SAFETY HARBOR — When people think of missionaries, they tend to picture people working in remote jungles halfway around the world.
But a local group is proving charity begins at home in the United States.
Members of First Presbyterian Church of Safety Harbor have traveled to New Orleans three times since Hurricane Katrina struck in 2005 and have helped people return to their homes and churches.
When Joan Hill became the pastor of Safety Harbor church in 2002, she knew she wanted to lead a missionary group of church members, but wasn't sure where the group would be needed most.
"I come from a missionary background," she said. "I had seen how people's hearts and minds are changed when they are thrown into a different environment."
The answer became clear to her following the hurricane that hit Louisiana and the Gulf Coast on Aug. 29, 2005.
In early 2006, the church sent a scouting team to New Orleans to see the devastation and find where it could best be of use. The team discovered a church in Arabi, La., in the New Orleans metro area, that was destroyed after being flooded by up to 12 feet of water.
In September of that year, eight members of the church loaded up a van and drove to the Carolyn Park Presbyterian Church there and began work.
Over the course of a week, the group removed a damaged stage area and air conditioning and stripped the floors in the church building.
"It's amazing what you find out about yourself," said church member Susie Thatcher, 56, of Clearwater. "You have skills you didn't even know you have."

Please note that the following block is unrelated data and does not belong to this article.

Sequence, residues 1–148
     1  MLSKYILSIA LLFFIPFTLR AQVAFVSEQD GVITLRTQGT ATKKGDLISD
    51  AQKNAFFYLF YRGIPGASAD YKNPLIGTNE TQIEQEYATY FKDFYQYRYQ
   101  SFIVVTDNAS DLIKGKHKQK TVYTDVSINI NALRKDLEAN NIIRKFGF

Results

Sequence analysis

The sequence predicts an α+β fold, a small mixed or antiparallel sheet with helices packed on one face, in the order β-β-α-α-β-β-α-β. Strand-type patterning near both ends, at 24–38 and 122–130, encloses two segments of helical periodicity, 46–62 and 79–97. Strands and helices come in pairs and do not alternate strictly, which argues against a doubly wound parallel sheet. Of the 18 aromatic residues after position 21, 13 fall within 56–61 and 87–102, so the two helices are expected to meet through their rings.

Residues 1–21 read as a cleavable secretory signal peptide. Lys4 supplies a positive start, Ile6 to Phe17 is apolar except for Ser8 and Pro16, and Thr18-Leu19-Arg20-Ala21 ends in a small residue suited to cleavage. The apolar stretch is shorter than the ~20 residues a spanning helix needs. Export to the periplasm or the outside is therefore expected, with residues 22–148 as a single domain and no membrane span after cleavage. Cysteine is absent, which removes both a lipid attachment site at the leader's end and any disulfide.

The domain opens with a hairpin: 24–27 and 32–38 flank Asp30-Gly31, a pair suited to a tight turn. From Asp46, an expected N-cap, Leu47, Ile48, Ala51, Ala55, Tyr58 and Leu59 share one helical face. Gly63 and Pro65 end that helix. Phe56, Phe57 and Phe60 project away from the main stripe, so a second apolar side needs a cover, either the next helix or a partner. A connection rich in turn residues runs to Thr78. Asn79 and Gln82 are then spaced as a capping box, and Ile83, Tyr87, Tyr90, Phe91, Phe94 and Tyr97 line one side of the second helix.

In 2007, a group of six men from the church went back to Arabi — this time to install a steeple on the same church they worked on in 2006.
They faced many obstacles erecting the steeple, including the fact that the housing that had been built to hold the steeple was the wrong size.
"Those men worked all night and got the steeple in and the lightning arrester installed right before a bolt of lightning hit," said Hill, 67. "We knew it was a sign from God that we were there for a reason."
Then earlier this year, five members decided to go back to Louisiana again. This time, they worked on a home that was still uninhabitable more than three and a half years after the hurricane.
The home's owner, Mary Rogers, 68, had been paid more than $70,000 in insurance money and gave it to a contractor who took the money and never completed the work.
The team was able to fix some damaged walls and install insulation and paint — but more importantly, came to know the family that had lived in the house and understand what a difference the group's work made in their lives.
"Once you meet these people, they become like family," Thatcher said. "We were measuring and cutting drywall, mudding, sanding, taping and painting. Mary and her family were there part of the time working right alongside of us."
Rogers' daughter, Cheryl Berzac, 40, is amazed at the generosity of the church group.
"When you've lost everything you own, it brings you to a real low level," she said. "These people were on vacation and they spent eight hours a day helping us. It makes me want to become a better person."
Thatcher said she is surprised at the amount of damage still evident in New Orleans and the group is vowing to go back again, perhaps as early as next year.
"There is still a ton of work to do," she said. "I don't know if it will ever be back to normal."
In addition to working in New Orleans, First Presbyterian members will take their Vacation Bible School, which is held this month, to Raleigh, N.C., in early July. There they will work with a group called "Neighbor to Neighbor" to present the program to a group of kids who have been suspended from school.
Hill said that it doesn't matter how far you travel from home to help others, the benefits are immeasurable.
"I have been on 12 to 15 mission trips and I can tell you," she said, "you never come back the same."